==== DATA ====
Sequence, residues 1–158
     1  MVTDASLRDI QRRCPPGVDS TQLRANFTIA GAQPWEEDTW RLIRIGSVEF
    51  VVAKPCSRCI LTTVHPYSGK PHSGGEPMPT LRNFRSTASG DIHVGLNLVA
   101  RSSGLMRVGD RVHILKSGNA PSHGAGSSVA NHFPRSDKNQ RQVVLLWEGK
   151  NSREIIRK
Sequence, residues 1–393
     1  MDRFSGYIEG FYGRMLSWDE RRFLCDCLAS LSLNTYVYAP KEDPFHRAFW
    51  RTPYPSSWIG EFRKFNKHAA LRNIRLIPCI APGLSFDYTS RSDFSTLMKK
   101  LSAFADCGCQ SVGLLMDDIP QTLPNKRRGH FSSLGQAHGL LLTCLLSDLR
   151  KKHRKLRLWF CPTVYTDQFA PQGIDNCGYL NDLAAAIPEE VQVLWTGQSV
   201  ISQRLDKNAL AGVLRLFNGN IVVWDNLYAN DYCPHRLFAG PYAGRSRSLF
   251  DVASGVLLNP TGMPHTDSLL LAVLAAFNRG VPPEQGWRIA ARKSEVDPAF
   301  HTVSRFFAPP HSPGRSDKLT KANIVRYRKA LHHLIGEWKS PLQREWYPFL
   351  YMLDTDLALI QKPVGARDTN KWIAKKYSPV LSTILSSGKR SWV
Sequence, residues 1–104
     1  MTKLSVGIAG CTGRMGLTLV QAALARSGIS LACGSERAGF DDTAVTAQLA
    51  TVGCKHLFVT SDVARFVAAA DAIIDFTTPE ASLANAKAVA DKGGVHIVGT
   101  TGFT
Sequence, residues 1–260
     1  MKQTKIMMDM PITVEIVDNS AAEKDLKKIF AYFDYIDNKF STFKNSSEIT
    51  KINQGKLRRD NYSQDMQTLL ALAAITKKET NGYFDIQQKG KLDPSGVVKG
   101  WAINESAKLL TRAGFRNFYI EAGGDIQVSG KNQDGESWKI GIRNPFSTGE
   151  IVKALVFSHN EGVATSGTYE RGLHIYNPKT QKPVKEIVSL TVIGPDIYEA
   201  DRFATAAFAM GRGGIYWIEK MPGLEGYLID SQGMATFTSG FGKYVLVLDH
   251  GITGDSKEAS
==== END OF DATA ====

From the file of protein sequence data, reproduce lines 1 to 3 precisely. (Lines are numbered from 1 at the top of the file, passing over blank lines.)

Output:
Sequence, residues 1–158
     1  MVTDASLRDI QRRCPPGVDS TQLRANFTIA GAQPWEEDTW RLIRIGSVEF
    51  VVAKPCSRCI LTTVHPYSGK PHSGGEPMPT LRNFRSTASG DIHVGLNLVA